Athira Pharma CEO Leen Kawas placed on leave, shares sink more than 30%


Athira Pharma CEO Leen Kawas at the 2018 GeekWire Summit. (GeekWire Photo / Kevin Lisota)

Athira Pharma CEO Leen Kawas has been placed on temporary leave until the Seattle area biotechnology company completes a review “stemming from doctoral research Dr. Kawas conducted while at Washington State University.”

Shares fell sharply in after-hours trading, sinking more than 30%.

The 10-year-old company — which is developing drugs for the treatment of Alzheimer’s disease — said that Chief Operating Officer Mark Litton will assume day-to-day responsibilities during Kawas’ leave. She will remain on the board.

The company, which has formed a special committee to look into the matter, issued a statement from board chair Tachi Yamada.

“Athira is committed to the integrity of scientific research in its mission to restore neuronal health for those suffering from neurological diseases, so that patients can regain their memories, lives, and family relationships. ATH-1017 was discovered, developed, and patented by Athira on the basis of novel data generated within the company. The company is confident in the therapeutic potential of ATH-1017 for treating dementia.”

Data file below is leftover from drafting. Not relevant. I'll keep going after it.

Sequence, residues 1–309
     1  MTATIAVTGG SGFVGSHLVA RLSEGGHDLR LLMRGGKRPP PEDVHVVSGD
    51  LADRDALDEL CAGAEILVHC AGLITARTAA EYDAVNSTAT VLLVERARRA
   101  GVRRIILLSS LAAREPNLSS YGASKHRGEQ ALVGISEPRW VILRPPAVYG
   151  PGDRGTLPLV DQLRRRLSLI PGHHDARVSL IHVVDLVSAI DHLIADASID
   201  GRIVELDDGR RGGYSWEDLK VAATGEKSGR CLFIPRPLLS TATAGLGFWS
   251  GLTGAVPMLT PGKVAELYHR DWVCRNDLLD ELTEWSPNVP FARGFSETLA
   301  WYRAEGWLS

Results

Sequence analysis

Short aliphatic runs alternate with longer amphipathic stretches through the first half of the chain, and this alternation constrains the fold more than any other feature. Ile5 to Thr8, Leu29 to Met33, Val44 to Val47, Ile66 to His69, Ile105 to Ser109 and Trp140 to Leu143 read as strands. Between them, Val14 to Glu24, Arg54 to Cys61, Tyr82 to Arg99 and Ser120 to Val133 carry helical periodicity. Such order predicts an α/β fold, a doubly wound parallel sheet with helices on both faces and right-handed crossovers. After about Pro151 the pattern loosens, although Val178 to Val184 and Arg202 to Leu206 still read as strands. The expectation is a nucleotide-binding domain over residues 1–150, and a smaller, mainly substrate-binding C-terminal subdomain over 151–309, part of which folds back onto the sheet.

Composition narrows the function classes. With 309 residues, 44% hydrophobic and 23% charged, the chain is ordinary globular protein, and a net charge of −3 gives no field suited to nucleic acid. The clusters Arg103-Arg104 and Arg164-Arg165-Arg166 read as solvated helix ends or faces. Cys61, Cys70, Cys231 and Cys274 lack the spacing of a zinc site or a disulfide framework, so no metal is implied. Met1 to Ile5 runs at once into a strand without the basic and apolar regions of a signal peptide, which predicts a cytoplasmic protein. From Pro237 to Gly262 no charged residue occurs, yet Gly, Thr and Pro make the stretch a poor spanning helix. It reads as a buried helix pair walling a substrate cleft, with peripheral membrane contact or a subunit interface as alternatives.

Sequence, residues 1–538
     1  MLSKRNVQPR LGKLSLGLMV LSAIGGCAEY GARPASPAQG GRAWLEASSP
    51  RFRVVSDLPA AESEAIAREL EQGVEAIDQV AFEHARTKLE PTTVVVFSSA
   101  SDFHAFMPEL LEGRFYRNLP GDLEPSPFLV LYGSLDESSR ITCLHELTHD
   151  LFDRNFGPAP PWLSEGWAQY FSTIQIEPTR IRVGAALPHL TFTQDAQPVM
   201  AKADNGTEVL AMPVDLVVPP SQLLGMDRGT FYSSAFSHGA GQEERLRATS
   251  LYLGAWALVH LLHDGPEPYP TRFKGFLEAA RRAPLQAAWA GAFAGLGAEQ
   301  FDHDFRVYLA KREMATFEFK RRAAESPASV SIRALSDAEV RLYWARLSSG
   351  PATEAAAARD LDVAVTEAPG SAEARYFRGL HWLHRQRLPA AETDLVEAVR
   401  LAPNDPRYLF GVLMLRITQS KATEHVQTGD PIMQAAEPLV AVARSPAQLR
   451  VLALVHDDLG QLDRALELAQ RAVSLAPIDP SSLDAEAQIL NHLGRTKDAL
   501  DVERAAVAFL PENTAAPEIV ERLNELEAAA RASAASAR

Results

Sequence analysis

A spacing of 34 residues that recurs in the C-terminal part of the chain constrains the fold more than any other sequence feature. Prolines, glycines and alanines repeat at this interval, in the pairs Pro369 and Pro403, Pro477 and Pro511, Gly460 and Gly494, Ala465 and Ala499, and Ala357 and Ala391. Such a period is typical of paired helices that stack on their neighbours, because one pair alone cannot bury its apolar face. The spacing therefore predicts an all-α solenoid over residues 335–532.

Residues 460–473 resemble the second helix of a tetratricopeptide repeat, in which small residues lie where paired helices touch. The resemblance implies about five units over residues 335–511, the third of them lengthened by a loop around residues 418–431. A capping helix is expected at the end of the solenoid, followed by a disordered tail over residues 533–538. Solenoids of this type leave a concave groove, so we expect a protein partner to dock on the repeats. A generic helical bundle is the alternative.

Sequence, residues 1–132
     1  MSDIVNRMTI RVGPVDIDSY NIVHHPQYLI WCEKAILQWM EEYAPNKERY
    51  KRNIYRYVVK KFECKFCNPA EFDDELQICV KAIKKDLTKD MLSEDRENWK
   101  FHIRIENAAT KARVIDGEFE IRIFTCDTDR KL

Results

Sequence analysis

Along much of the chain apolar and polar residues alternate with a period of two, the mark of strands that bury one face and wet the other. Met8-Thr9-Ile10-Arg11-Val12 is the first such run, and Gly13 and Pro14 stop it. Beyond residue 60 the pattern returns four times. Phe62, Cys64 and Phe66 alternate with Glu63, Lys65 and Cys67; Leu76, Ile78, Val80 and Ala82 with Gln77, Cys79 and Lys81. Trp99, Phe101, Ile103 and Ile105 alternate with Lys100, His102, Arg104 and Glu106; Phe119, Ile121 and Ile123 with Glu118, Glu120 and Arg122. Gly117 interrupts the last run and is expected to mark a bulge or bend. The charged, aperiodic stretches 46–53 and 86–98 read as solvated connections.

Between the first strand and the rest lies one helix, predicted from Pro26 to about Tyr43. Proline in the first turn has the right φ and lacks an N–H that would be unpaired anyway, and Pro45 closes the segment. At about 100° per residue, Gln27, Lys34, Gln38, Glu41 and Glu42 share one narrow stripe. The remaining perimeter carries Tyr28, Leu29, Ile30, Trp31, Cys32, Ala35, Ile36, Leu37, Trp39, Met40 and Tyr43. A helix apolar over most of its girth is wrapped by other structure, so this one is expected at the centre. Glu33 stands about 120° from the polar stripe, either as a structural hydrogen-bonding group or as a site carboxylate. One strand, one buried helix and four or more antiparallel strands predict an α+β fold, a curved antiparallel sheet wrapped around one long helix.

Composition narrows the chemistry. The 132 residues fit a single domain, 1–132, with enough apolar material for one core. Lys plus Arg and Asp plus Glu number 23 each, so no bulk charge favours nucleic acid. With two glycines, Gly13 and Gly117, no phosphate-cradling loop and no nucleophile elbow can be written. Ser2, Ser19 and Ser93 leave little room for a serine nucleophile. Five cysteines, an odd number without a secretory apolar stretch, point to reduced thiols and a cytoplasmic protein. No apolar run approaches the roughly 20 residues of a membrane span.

The company said it was not commenting on the matter until the review is completed, and Kawas was not immediately available for comment.

Last summer, Kawas told GeekWire that the potential of Athira’s technology is “huge.” She co-founded Athira — formerly known as M3 Biotechnology — with WSU researchers Joseph Harding and Jay Wright, with WSU noting the promise of initial studies in a 2012 article.

The story did not mention Kawas, and referred to the technology as a “WSU drug” with Harding and Wright and other colleagues reporting initial results in the Journal of Pharmacology and Experimental Therapeutics.

Athira went public last September, raising $204 million after pricing shares at $17. The stock was trading around $12 Thursday afternoon.

At the time of the IPO, Kawas was the first woman to guide a company public in Washington state in more than two decades.

“I’ve been mistaken for the coat check girl more times than I can count, ” Kawas told Forbes in 2016 profile. “But people who thought I was the coat girl at the beginning of the meeting were willing to invest a lot of money in my company by the end of it.”


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